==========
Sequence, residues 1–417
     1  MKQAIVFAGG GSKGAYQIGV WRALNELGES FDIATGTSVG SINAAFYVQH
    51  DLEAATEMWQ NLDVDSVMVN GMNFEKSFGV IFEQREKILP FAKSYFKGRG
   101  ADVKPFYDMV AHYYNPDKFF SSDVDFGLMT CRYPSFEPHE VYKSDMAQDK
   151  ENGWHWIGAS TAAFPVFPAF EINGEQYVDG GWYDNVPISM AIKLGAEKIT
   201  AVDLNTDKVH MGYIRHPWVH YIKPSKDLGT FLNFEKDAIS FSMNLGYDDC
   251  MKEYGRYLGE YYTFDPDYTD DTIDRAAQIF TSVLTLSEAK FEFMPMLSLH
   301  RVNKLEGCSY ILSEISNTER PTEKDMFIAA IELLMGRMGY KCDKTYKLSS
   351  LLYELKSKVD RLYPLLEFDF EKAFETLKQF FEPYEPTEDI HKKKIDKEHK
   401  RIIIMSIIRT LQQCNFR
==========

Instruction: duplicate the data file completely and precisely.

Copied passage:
Sequence, residues 1–417
     1  MKQAIVFAGG GSKGAYQIGV WRALNELGES FDIATGTSVG SINAAFYVQH
    51  DLEAATEMWQ NLDVDSVMVN GMNFEKSFGV IFEQREKILP FAKSYFKGRG
   101  ADVKPFYDMV AHYYNPDKFF SSDVDFGLMT CRYPSFEPHE VYKSDMAQDK
   151  ENGWHWIGAS TAAFPVFPAF EINGEQYVDG GWYDNVPISM AIKLGAEKIT
   201  AVDLNTDKVH MGYIRHPWVH YIKPSKDLGT FLNFEKDAIS FSMNLGYDDC
   251  MKEYGRYLGE YYTFDPDYTD DTIDRAAQIF TSVLTLSEAK FEFMPMLSLH
   301  RVNKLEGCSY ILSEISNTER PTEKDMFIAA IELLMGRMGY KCDKTYKLSS
   351  LLYELKSKVD RLYPLLEFDF EKAFETLKQF FEPYEPTEDI HKKKIDKEHK
   401  RIIIMSIIRT LQQCNFR